Calgary

'Enough is enough:' Sandra Jansen not backing down on online hatred hurled at female politicians

Calgary MLA Sandra Jansen sparked an international conversation about sexism when she crossed the floor in the Alberta legislature and revealed some of the abusive comments she received online. She spoke to the Calgary Eyeopener about what's next.

Calgary-North West MLA wants to keep discussion going; will speak at U of C conference Saturday

Nine days after dropping out of the leadership race over harassment claims, Sandra Jansen crossed the floor to the NDP. (CBC)

Calgary MLA Sandra Jansen sparked an international conversation about sexism in politics when she crossed the floor in the Alberta legislature and revealed some of the abusive comments she received online. 

And she's not backing down from the conversation.

She'll be the keynote speaker at a forum for the International Day for the elimination of violence against women held at the University of Calgary Saturday.

Jansen gave a candid account of the past few weeks with the Calgary Eyeopener on Friday. Here is an edited version of their conversation.

Q: How would you describe the last dozen days or so for you?

Certainly they have been tumultuous, I would say that. My decision to step out of the PC leadership race was a tough one. I left that policy conference knowing that there was no place for me in the PC party anymore so I had some big decisions to make.

At the end of the day because I am a legislator first and a party politician second, I had to choose to a find a place to be able to do my job for the next two years with some level of efficacy. So I made that decision after I met with Premier Notley who actually liked my policy ideas, the ones that I brought to that policy conference that no one wanted to talk about.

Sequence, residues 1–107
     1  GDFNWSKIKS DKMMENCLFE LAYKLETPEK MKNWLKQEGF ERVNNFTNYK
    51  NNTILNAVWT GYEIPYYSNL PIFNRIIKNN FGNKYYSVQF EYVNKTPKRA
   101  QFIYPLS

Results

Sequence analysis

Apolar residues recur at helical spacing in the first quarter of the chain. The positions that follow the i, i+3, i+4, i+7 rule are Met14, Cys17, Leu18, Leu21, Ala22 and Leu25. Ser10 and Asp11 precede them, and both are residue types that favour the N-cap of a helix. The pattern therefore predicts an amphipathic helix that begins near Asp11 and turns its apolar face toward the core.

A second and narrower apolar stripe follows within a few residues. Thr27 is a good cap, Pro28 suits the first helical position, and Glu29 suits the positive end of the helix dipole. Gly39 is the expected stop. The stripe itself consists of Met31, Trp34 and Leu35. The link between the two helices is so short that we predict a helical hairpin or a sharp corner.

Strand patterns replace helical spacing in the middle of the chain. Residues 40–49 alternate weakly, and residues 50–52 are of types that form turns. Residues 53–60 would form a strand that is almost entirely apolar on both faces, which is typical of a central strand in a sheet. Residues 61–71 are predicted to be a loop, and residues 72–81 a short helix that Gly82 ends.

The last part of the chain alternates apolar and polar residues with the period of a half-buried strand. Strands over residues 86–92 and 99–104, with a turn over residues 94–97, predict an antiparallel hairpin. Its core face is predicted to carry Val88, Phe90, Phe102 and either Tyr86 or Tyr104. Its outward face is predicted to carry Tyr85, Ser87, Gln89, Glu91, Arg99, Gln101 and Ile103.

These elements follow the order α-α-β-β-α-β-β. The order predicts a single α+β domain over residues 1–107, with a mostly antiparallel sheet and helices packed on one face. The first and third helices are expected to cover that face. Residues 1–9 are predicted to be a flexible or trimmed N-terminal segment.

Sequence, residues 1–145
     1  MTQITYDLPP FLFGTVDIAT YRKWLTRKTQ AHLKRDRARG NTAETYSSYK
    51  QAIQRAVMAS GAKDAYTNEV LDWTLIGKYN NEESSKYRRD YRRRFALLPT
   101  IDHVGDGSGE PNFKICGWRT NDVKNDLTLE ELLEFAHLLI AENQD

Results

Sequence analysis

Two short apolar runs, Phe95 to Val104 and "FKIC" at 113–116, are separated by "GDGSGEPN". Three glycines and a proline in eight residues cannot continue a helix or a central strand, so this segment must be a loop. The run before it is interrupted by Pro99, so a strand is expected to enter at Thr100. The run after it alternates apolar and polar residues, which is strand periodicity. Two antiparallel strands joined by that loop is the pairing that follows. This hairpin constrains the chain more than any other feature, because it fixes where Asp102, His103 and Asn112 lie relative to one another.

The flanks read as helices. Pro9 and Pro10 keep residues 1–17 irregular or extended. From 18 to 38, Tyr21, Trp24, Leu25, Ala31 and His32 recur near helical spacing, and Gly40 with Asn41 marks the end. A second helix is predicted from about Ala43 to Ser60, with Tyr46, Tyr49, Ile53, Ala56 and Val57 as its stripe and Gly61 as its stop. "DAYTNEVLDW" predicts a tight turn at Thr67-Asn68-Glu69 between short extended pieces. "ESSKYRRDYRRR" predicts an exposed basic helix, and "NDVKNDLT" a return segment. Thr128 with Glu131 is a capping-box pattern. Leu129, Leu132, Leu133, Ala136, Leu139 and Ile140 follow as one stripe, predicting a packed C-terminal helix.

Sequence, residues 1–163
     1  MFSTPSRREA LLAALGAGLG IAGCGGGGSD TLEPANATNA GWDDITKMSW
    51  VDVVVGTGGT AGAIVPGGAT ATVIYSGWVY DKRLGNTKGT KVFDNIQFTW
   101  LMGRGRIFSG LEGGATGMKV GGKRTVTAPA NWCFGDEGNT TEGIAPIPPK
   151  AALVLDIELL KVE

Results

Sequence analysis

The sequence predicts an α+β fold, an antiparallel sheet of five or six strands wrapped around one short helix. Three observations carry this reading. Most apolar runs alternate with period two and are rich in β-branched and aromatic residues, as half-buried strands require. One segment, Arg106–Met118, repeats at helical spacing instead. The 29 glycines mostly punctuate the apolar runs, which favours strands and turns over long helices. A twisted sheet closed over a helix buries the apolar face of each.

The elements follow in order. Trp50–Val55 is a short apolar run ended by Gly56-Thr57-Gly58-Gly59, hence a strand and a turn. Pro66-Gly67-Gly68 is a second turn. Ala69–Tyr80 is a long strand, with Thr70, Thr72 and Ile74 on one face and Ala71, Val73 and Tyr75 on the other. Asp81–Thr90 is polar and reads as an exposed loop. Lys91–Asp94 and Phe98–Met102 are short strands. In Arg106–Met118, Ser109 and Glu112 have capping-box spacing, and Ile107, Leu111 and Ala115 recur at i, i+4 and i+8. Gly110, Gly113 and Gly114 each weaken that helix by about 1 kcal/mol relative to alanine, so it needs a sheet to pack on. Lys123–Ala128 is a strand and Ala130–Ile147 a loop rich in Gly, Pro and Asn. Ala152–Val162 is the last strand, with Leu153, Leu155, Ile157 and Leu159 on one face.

MLA Sandra Jansen made an impassioned plea to her colleagues in the Alberta legislature on Nov. 22, asking them to stand up against hate speech levelled at women in politics. (CBC)

Q: You stood up in the legislature and you told Albertans the kind of messages you've been getting online. You said you've been called a "bimbo," a "dumb broad" — and those are some of the nicer terms. Why did you choose to air this publicly and what difference has that made for you?

I think it was important for people to understand these were the words. When you're in the legislature in such a hallowed hall, in a place where we try to choose our words as carefully as possible, I wanted people to understand the juxtaposition of what female politicians face the minute they walk out of that hall.

And there's a constant diet of this. From the moment I gave that speech I started getting messages from female politicians from right across this country telling me about their own experiences and what they have been called and it was incredible. The response was overwhelming.

Women were saying "You're right, why do we have to take this? Why does this happen to us every day? Who is going to speak out now? Enough is enough."

Q: This week you've been provided with a security detail. Do you feel physically threatened or unsafe because of the backlash that you've been experiencing online?

I was very concerned and the security detail has been helpful and has given me peace of mind and we hope it's not for very long and I move on and do my job.

My job means that I have to be out in my constituency meeting people, having conversations and doing my work and I'm going to keep doing that.

At the end of the day, the people who do that have to understand they are not going to keep me from the work I do by saying the things they say. 

Q: How do you feel about crossing the floor and what have you heard from your constituents?

The people chose Sandra Jansen.

I'm still the legislator first and I'm their legislator in Calgary-North West. It's a very moderate constituency.

Certainly people are concerned there, but I've had some wonderful outreach from people. My job for the next two years is to do the best by the people of Calgary-North West.

When I sat down with my ideas and met the premier I said to her, I am a fiscal conservative, here are some of the ideas that I think are important. And she liked those ideas. Her tent was big enough for me when the PC tent wasn't.

Q: Do you now have ambitions of being a cabinet minister in the New Democratic government?

The only thing the premier promised me was respect and the ability to do my job in an inclusive environment, and that sounded pretty good to me. The fact that my ideas are respected and heard meant everything.

I have a job to do and want to get back to doing that job. That's what I'm going to focus on.


With files from the Calgary Eyeopener

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